[Top][All Lists]

[Date Prev][Date Next][Thread Prev][Thread Next][Date Index][Thread Index]

RE: [avrdude-dev] Verify errors,

From: Rune Christensen
Subject: RE: [avrdude-dev] Verify errors,
Date: Tue, 22 Jul 2003 19:05:39 +0200

I just found out that the link is broken :(
It has something to do with microsoft homepage

Here is a copy of the text:

Parallel Ports and Devices: Windows DDK

Synchronizing the Use of a Parallel Port
Clients must synchronize their use of a parallel port by allocating a
parallel port before using it and freeing the port after they are done using

Alternatively, a client can select and deselect an IEEE 1284.3 device (which
automatically allocates and frees a parallel port) see Selecting and
Deselecting an IEEE 1284 Device Attached to a Parallel Port.

A client uses the following device control requests to allocate and free a
parallel port:



A kernel-mode client can also use the system-supplied parallel port callback
routines that are obtained by using an IOCTL_INTERNAL_GET_PARALLEL_PORT_INFO
request. This request returns a PARALLEL_PORT_INFORMATION structure that
includes the following pointers to system-supplied callbacks:

The TryAllocatePort member is a pointer to a PPARALLEL_TRY_ALLOCATE_ROUTINE
callback, which is a nonblocking routine that tries to allocate a parallel
The QueryNumWaiters member is a pointer to a PPARALLEL_QUERY_WAITERS_ROUTINE
callback, which returns the number of port allocate and device select
requests that are queued on the work queue of a parallel port.
The FreePort member is a pointer to a PPARALLEL_FREE_ROUTINE callback, which
frees a parallel port.
The IOCTL_INTERNAL_PARALLEL_PORT_ALLOCATE request requires the least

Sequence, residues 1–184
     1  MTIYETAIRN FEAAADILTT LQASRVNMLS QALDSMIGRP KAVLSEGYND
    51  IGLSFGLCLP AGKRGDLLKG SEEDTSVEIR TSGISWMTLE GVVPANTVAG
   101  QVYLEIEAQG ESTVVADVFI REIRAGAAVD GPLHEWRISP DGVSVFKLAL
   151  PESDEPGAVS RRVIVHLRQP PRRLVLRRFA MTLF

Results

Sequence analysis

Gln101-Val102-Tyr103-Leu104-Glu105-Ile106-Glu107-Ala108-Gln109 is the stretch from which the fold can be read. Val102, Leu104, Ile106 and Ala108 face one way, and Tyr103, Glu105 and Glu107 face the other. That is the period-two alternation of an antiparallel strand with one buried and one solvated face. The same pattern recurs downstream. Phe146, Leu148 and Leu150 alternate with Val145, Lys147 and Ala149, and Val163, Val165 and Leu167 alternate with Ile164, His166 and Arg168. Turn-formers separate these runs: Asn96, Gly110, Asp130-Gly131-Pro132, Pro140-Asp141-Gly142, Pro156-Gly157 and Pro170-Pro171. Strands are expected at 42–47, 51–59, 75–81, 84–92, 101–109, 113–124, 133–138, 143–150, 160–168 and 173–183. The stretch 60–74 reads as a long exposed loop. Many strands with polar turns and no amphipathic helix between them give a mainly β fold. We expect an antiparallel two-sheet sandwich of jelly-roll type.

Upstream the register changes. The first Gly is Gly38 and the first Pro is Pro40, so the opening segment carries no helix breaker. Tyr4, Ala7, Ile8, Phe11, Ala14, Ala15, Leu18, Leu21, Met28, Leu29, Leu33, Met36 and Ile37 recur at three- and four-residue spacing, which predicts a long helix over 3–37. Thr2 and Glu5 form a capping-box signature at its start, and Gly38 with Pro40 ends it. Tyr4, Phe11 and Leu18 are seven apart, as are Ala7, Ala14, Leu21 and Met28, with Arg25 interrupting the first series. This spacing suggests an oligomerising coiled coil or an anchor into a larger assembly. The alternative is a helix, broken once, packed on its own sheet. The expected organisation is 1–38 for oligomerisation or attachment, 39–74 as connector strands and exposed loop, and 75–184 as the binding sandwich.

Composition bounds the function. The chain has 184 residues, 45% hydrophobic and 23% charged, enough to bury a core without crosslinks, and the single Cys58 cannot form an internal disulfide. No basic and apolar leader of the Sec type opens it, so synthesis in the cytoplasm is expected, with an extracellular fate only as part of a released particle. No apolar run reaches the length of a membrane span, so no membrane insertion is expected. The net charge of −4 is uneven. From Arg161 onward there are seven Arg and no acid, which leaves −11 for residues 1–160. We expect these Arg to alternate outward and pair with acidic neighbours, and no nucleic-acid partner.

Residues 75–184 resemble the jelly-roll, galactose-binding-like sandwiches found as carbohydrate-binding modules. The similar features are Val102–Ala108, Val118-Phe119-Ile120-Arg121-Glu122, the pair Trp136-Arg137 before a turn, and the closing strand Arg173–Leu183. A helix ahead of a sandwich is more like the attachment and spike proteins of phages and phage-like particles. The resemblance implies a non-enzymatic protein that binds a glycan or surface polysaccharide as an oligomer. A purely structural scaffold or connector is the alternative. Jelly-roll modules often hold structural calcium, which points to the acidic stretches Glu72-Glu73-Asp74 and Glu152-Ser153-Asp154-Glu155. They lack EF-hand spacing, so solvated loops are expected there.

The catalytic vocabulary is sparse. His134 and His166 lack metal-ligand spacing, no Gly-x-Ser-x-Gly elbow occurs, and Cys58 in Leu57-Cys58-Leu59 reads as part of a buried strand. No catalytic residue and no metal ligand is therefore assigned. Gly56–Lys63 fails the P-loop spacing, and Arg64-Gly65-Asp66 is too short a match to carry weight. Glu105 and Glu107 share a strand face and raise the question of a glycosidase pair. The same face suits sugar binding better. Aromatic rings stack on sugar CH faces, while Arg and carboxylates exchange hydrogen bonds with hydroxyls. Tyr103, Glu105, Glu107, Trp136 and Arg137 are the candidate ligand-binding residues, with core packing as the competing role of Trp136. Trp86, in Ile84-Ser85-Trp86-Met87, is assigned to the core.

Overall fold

handling by a client because the system-supplied function driver for
parallel ports queues the request for the client if the parallel port is
already allocated. The function driver completes an allocate request with a
status of STATUS_SUCCESS after it allocates the port to a client. A client
can cancel a pending allocate request at any time because of an unacceptable
time-out delay or some other device-specific condition.

The PPARALLEL_TRY_ALLOCATE_ROUTINE callback returns immediately (is
nonblocking). If a client uses only the PPARALLEL_TRY_ALLOCATE_ROUTINE
callback to attempt to allocate a parallel port for which other clients are
contending, the parallel port function driver might never allocate the port
to the client. To ensure success, a client must use a parallel port allocate
request. (The parallel port function driver queues, and subsequently
processes, port allocate and device select requests in the order in which
the requests are received.)

After the parallel port function driver allocates a parallel port to a
client, the client has exclusive access to the port. The client must call
the PPARALLEL_FREE_ROUTINE callback to free the port. After the client frees
the port, the parallel port function driver removes the next request (a port
allocate or device select request), if any, from the port's work queue and
completes the request.

A client should use the PPARALLEL_QUERY_WAITERS_ROUTINE callback to
determine if there are other clients waiting for a parallel port. A client
that needs to allocate a port for an extended period of time should
periodically call the PPARALLEL_QUERY_WAITERS_ROUTINE callback to determine
if other clients are waiting to acquire the port, and, if clients are